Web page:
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It’s early Monday morning. I got the show up on time this weekend but it is a relatively short show of less than an hour and a half. I’ve already heard from several viewers that it is boring and they were disappointed. Curses and drats. So now I have to do a tour de force every week. Just a show about electric cars won’t scratch the itch? And my breakthrough in finally getting the DMOC645 to flash was apparently not sufficient “hands on” DIY stuff. Oh, Peter. Thou art a rock.

We talked quite a bit about Nissan. The list of bankruptcies continues to grow and this morning, Smith Electric Vehicle is in the news. They had predicted 620 vehicles this year. Revised that downwards to 380. By June, they had sold 79. They cancelled their September IPO. And now they are talking about bankruptcy proceedings.

Meanwhile, Nissan’s Carlos Ghosn merrily chirps away about their new battery plant that went into operation this week in Smyrna Tennessee. This little marvel was part of $1.2 billion of our tax dollars at work, but still looks like a ballsey bet when building a massive plant facility to manufacture up to 200,000 battery packs per year. I would call, but I’m guessing they won’t want to sell me one. Together with their motor plant, their announcement of 15 new hybrid cars between now and 2017, and plans for an upscale Infinity LE, Nissan seems hell bent on filling a huge demand for electric vehicles, even if the demand isn’t there. I’ve never seen anything quite like it. Either this guy has cucamungas the size of Jupiter, an inside line on something nobody knows about the future, or he’s headed for one of the biggest corporate disasters of all time. Any of the three would cause me to admire his gonads. Snappy dresser too.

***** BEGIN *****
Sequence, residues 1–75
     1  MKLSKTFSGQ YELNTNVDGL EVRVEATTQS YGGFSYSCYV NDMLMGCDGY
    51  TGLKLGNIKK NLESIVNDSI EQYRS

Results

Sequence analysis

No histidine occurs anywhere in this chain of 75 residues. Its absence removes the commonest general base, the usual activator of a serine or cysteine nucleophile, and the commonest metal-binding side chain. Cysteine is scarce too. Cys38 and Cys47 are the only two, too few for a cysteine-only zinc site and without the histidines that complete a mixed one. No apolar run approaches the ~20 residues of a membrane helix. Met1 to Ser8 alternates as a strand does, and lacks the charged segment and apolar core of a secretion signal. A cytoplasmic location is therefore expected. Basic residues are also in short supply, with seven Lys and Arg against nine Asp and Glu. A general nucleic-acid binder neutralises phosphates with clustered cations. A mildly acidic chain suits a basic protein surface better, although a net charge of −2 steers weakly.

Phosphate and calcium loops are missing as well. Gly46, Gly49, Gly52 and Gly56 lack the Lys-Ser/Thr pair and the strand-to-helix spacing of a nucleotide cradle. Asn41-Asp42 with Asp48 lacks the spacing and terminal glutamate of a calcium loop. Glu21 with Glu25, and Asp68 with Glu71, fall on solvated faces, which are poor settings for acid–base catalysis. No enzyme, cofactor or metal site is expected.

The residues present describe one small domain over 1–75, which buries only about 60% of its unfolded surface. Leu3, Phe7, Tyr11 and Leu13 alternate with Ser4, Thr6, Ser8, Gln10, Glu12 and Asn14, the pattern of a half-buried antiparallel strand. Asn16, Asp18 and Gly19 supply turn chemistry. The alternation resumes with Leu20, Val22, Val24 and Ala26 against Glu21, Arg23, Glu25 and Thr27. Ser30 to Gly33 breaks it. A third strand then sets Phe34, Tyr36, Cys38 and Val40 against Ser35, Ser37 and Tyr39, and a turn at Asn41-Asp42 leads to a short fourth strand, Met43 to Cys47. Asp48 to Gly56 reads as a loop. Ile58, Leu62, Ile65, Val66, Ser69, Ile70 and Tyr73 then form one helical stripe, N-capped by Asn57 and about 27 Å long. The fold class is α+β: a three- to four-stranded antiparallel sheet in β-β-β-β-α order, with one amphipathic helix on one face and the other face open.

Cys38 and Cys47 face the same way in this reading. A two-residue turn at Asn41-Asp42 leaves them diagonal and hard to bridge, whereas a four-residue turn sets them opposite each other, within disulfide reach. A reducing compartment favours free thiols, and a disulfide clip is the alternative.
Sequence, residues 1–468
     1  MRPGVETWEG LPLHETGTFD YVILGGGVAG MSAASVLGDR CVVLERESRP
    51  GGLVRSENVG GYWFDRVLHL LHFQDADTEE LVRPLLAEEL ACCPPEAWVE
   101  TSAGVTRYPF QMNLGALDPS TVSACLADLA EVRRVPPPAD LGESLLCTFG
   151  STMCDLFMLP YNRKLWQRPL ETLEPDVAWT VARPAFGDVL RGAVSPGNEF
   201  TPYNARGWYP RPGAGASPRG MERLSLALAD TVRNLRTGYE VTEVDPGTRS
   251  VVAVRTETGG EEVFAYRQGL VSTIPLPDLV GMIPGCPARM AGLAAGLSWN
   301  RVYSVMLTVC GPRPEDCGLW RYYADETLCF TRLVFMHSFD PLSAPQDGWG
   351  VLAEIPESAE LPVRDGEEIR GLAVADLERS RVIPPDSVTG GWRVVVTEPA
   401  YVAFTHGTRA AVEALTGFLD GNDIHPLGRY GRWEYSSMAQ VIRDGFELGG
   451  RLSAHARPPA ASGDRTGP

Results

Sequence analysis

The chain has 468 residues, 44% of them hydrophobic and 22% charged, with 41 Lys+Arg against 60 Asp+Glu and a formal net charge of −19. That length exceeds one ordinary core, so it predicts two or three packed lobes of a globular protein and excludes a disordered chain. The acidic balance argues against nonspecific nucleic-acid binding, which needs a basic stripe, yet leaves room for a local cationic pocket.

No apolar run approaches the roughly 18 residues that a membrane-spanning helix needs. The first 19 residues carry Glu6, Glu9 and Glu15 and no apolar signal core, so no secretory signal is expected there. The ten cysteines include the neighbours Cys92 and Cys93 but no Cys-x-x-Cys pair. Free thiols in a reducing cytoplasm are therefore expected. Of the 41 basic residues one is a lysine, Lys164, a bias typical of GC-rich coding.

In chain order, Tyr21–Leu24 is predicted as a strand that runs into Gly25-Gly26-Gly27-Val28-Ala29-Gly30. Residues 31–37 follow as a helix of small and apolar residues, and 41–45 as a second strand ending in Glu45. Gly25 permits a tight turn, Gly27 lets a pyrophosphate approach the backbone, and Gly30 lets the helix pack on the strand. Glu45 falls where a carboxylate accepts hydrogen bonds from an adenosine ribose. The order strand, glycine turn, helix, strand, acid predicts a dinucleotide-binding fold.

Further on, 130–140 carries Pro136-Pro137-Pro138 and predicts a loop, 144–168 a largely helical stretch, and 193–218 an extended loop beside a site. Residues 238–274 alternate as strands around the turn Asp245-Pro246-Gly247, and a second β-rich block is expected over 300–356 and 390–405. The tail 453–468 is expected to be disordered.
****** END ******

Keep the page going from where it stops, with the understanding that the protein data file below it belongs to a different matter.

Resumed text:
COULD Nissan pull it off? Actually they can’t. But it will be fun to watch anyway. The irony of course is that the vast majority of Leaf owners just love the cars. There are a handful of misfits who are actually suing Nissan, but their arguments indicate how really far we have to go in acculturation. The people I know with the cars, just marvel at them and insist they are far better than anything we can build at home.

Last night I wired up my gas pump at the garage with a new J1772 cord. I had been using this as a charger for several years, but it used a NEMA5-15 to deliver 240vac to my vehicles. The Escalade has a fill port on the left and the Ford Transit on the right. So I was reversed in the garage. I added a J1772 cord, not really J1772 circuitry. I switch it on with a toggle switch on the side of the pump. Perhaps I’ll actually upgrade it with one of Kerzel’s circuit boards later. And so last night I had two vehicles plugged in to the garage at home, charging merrily away.

After all this time, I still can’t get over it. The convenience of just charging at home in the garage and having it billed monthly by AmerenUE, as opposed to fighting my way through the gas stations, is just too stark a contrast. And so with an emerging fanfare heralding the end of the BEV bubble, I’ll be left still thinking if anyone knew about these cars, they’d want one.